In order to extract DNAs of clinical sputum specimens, 2–3 volumes of 4% NaOH were added to the sputum specimens. The mixture was agitated at 140 rpm for 30 min at 37°C. Then 1 ml completely liquefied mixture were added to a new centrifuge tube, centrifuged at 13,000 rpm for 10 min, and discarded supernatant. Added 1 ml normal saline into the sediment, centrifuged at 13,000 rpm for 10 min, discarded supernatant. Then followed treatments of culture isolate specimens mentioned above.

Real-Time PCR

Probes design

Ten dually labeled probes and five pairs of primer were designed to detect key mutations at 40 positions in four gene regions associated with RIF and INH resistance and conserved region distinguished MTC from NTM (Table 1).

TABLE 1
www.frontiersin.org

Table 1. Primers and Probes designed and used in this study.

Four fluorescence (FAM, HEX, ROX, CY5/TAMRA) were labeled at the 5′end of probes to simultaneously detected in a single PCR reaction (Figure 1).

FIGURE 1
www.frontiersin.org

Figure 1. Analysis of DNAs from Mycobacteria with 10 TaqMan probes by multi-fluorescence real-time PCR. (A) Results of reation I (B) Results of reation II (C) Results of reation III.

We determined the probe coverage according to the position and frequency of the key drug resistant mutations described in TB Drug Resistant Mutation Database (https://tbdreamdb.ki.se/Info/) and our own sequencing results. Specifically, probe rpoB-TW-A covers mutations in rpoB codon 509–514, probe rpoB-TW-B in condon 515–520; probe rpoB-TW-C in condon520–524; probe rpoB-TW-D in condon 524–529; probe rpoB-TW-E in condon 529–533. And probe katG-TW covers mutations at katG condon315; probe inhA –TW for mutation at −15 position in mabA-inhA promoter region; probe ahpC-TW-A for mutations from −2 to −20 positions in intergenic region of oxyR-ahpC, probe ahpC-TW-B for mutations from −28 to −47 positions in intergenic region of oxyR-ahpC. In addition, probe rrs -TW was designed to distinguish MTC from NTM, according to rrs sequence of Mycobacterium strains in the NCBI database (Table 1, Figure S1).

Three PCR reactions were required to diagnose samples' RIF and INH resistance. PCR mixture contained: 10 × PCR buffer 2 μl, dNTP (each 2.5 μM) 1.6 μl, MgCl2 (25mM) 0.8 μl, Taq(5U/ul) 0.2 μl, primers, and probes (Optimal concentrations of primers and probes for each PCR reaction are shown in Table 1), extracted DNA template 1 μl, miliQ H2O was added to make up the whole PCR mixture volume to 20 μl. Final concentrations of probes were different, in order to get the equivalent fluorescence signal level. Cycling parameters were denatured at 94°C for 2 min, followed by 40 cycles of amplification at 95°C for 15 s, 62°C for 1 min. A negative control which ddH2O replace the DNA sample and a positive control (DNA extraction of H37Rv) were included for each real-time PCR assay.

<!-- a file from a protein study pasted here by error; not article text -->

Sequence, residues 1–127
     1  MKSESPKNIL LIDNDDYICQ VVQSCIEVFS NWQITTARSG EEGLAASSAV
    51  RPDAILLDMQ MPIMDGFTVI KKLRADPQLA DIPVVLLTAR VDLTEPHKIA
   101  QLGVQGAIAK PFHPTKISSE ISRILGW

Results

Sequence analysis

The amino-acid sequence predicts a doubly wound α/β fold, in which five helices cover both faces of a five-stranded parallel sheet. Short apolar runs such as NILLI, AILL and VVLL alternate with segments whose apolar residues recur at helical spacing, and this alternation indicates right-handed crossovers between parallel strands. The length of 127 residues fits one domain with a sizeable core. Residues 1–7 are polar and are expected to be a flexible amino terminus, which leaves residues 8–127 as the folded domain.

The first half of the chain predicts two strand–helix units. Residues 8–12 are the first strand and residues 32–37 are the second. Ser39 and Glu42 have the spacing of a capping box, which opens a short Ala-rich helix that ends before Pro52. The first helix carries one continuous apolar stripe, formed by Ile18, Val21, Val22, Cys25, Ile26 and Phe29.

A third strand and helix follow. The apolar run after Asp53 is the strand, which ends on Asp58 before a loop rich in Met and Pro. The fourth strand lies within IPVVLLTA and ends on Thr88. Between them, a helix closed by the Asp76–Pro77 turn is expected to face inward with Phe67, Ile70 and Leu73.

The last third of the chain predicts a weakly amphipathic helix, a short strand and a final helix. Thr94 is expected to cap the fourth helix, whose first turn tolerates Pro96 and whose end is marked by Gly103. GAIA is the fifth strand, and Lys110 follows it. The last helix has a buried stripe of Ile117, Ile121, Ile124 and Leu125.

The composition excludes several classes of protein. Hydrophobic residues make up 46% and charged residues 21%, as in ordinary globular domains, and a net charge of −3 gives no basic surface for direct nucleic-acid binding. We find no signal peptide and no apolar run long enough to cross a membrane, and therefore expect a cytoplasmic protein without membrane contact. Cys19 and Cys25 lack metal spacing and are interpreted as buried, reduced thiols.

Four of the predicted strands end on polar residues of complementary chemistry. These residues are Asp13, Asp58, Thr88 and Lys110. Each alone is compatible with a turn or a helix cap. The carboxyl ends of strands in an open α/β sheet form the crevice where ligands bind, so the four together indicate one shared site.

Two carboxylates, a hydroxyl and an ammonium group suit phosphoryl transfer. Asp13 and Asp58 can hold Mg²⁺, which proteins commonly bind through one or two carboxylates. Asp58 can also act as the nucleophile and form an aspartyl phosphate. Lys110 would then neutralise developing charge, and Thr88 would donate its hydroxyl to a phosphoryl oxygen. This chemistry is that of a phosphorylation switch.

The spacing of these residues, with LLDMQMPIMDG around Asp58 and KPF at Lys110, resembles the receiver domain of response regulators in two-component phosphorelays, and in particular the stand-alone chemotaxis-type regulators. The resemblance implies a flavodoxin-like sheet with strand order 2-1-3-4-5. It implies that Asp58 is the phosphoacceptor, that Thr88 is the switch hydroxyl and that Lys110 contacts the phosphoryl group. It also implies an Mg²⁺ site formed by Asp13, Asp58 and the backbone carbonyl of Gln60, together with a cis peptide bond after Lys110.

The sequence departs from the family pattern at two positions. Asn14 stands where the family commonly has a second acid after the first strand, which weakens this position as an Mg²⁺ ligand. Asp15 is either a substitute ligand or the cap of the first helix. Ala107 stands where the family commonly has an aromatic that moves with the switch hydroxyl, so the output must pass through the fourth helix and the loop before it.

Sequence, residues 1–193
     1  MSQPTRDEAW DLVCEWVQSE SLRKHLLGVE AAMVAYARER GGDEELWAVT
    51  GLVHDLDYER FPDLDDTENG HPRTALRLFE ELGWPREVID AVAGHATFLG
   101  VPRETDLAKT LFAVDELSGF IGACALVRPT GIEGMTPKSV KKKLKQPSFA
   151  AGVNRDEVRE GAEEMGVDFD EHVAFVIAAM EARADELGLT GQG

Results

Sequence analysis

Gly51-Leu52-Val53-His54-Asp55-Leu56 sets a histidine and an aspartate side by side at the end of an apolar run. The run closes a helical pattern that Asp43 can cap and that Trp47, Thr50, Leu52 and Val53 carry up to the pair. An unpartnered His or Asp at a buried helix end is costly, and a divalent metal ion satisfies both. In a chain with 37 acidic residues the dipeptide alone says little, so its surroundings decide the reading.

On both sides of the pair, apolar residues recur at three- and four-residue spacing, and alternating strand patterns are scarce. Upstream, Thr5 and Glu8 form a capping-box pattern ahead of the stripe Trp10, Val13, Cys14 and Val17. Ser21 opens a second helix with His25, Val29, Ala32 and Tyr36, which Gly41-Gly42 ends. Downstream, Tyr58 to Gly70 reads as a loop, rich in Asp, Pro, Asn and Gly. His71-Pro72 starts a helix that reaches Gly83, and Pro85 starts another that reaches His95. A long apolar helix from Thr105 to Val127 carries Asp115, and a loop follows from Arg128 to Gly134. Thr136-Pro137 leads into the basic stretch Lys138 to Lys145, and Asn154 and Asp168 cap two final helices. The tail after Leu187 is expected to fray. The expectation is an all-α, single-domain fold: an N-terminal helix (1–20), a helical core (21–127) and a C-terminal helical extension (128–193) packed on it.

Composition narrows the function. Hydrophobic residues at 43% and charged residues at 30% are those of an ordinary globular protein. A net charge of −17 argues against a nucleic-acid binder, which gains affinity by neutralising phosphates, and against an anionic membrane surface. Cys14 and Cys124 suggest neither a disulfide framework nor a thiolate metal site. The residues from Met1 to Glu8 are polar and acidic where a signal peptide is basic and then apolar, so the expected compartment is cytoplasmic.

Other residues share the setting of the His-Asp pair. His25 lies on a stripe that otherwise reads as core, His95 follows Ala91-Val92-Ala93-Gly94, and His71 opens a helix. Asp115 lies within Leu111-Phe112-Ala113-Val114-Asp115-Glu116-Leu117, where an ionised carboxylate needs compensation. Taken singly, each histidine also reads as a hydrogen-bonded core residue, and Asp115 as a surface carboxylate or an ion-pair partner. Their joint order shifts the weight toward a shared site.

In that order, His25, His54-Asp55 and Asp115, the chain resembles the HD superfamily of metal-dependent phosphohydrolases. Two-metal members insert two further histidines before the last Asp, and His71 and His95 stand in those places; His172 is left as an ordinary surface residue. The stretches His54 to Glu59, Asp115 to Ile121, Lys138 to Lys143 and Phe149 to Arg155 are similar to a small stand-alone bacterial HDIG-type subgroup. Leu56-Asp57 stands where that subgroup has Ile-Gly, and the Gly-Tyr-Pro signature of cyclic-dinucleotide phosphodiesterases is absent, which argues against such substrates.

Results Analysis

Firstly, when rrs probe signal was negative, template is determined as NTM, positive signal means MTC. Secondly, signals of the other nine drug resistant probes were investigated. Positive signals of all the five RIF probes (rpoB-TW-A ~rpoB-TW-E) represented no mutation in the 81 bp core region of rpoB, meaning that this sample was RIF-sensitive, otherwise means the sample is RIF-resistant. Similarly, the sample was INH-sensitive when probes katG-TW, inhA-TW, ahpC-TW-A, and ahpC-TW-B were all positive. Otherwise means INH-resistant (Table S1).

Analytical Sensitivity and Specificity

Reactions were performed with serially diluted genomic DNAs (gDNA; range, 5.0 × 105–5.0 × 100 copies per reaction mixture) of H37Rv. Concentration of each gDNA was determined by an SMA1000 UV spectrophotometer (Merintion, CN).

In order to investigate the specificity of MF-qRT-PCR, DNAs extract from H37Rv,BCG,E.coli, clinical strains of M. tuberculosis, M. bovis, and NTM were used as real time - PCR template.

Statistical Analysis